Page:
Using the LITHC to create one of these developments is complicated and difficult. Many multifamily investors have asked my advice on entering the market in this capacity. My advice is don’t do it. Learning how to execute developments using the LIHTC is a full-time business for the vast majority of market participants. If you want to build or renovate housing with the LITHC and have no direct experience, I recommend finding a partner who does.


Diversify With Less Complication


Many multifamily investors assume that LIHTC properties are frequently sold to developers using a new LIHTC allocation. This is rarely the case. Most states allocate competitive tax credits toward new construction. Pricing and other deal terms for noncompetitive credits are much stronger when a property has a HAP contract. As a result, even experienced LIHTC developers frequently use conventional financing to purchase existing LIHTC properties.


After the initial compliance period, LIHTC properties are often sold when the tax credit investor looks to exit their partnership with the developer. While restrictions on rents and tenant incomes are still in place, the IRS can no longer recapture the tax credits in the event of noncompliance. This scenario makes for an opportune time to exit.


In many markets, these properties operate more like conventional housing than landlords realize. Tenants pay their rent. There is more paperwork involved, primarily from the process of income-verifying tenants, but it’s nothing that a sophisticated apartment management operation can’t handle. The LIHTC is complicated when used as a financing vehicle. In the event of a sale after the property is developed and operating, buyers will typically use conventional financing. The operation of the apartment building is only slightly more complicated than a market-rate apartment.


Project-Based Section 8 (HAP Contracts)


While the LIHTC is a subsidy to the developer, HAP contracts are a subsidy to the tenant, allowing a market-rate rent to be paid to the apartment owner. Many landlords are familiar with Section 8 vouchers, which are issued by a local housing authority for tenants to use to pay rent. Tenants can take these vouchers to any property when they are looking for a new place to live. HAP contracts, though, stay with the property. As long as there is a tenant who qualifies, the rent will primarily be paid through the contract. Usually this is a direct contract with HUD, though housing authorities can issue them.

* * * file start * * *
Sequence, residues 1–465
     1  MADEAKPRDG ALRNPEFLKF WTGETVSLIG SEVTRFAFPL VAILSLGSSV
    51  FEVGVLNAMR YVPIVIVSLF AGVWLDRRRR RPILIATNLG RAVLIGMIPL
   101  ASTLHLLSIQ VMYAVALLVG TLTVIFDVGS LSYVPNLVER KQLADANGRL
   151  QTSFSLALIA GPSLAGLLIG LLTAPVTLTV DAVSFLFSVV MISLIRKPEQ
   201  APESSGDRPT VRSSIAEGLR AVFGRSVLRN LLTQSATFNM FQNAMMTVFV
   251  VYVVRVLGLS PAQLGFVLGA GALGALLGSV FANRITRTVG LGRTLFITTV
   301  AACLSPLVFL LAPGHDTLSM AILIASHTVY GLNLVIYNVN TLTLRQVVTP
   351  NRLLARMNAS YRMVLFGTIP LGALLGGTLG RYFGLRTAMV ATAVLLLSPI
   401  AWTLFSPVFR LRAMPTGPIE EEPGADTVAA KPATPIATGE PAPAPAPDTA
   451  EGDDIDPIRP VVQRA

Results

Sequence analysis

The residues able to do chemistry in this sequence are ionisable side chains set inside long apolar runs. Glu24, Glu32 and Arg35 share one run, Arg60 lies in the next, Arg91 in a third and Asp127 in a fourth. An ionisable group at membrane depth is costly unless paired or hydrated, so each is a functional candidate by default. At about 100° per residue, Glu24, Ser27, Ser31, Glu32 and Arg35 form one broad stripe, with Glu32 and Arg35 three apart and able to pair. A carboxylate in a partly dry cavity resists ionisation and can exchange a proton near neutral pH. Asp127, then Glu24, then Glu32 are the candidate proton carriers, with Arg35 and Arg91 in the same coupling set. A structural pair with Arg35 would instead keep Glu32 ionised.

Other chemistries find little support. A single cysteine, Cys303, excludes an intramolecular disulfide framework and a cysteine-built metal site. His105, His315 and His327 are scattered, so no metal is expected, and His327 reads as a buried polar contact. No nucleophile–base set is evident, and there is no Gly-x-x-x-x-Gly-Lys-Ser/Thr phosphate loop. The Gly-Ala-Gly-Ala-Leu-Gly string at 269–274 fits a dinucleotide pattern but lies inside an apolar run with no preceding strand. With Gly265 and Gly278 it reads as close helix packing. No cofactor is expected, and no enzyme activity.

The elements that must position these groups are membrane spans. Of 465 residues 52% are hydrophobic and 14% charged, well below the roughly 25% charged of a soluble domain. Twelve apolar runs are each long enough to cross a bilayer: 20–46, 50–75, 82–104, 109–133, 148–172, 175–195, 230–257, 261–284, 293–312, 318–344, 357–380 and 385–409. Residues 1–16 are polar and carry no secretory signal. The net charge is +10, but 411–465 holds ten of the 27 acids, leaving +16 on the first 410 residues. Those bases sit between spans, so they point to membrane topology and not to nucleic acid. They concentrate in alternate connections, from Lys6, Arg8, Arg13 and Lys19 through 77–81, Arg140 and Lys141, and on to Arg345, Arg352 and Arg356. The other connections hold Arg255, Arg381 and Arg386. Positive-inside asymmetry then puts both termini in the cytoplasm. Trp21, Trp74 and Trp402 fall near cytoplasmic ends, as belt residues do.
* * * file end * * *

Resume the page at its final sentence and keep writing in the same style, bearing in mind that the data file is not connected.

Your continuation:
There is a limited supply of these contracts and high demand from a niche group of investors. In recent years, our team has observed these niche buyers becoming more selective, making it harder to sell smaller properties (under 100 units) in tertiary markets. This could lead to excellent buying opportunities for an investor willing to roll up their sleeves to make an entrance into the affordable housing market.


Making The Jump


A qualified multifamily investment broker is a good place to start if you decide to look into these properties. There are a few of us around the country who specialize in affordable housing, but plenty of market-rate apartment brokers occasionally get a lead on a LITHC or HAP deal. Talk to one about what they have seen in the market and where the next opportunity might be.


There is certainly more to purchasing and operating a LIHTC or HAP property than what I’ve touched on in this article. Each state has its own agency overseeing the programs, and each has different requirements. Talk to attorneys, accountants, property managers or other investors who have worked in affordable housing. With the right help, it shouldn’t take long to be prepared to act when you see the right opportunity to enter the growing market of affordable housing investment.


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The Most Disheartening Homeless Veterans Statistics (Editor’s Choice):


Almost 40,000 veterans are without shelter in the US on any given night.

The number of vets experiencing homelessness is down by over 40% since 2011.

The leading causes of homelessness among vets are PTSD, social isolation, unemployment, and substance abuse.

Veterans account for 11% of homeless adults in the US.

California has the highest number of vets living on the streets.



The Moment To Close The Affordable Housing Gap Is Now: Here’s How We Can Start


Apr 28, 2021,07:00am EDT|511 views

The Moment To Close The Affordable Housing Gap Is Now: Here’s How We Can Start

LIHTCs and PABs are intertwined; to reform one without addressing the other makes for inefficient policy. To establish synchronization, Congress can reform the 50% test and help create an opening for communities to get the affordable units they need. If the current 50% baseline were reduced to 25%, for example, researchers estimate this would help build or preserve more than 1.4 million units of affordable housing over the next 10 years.

Congress recently fixed the value of the LIHTC — which previously floated in accordance with market conditions — at a 4% floor. Experts project that this change alone could help create more than 130,000 units of affordable housing over the next decade.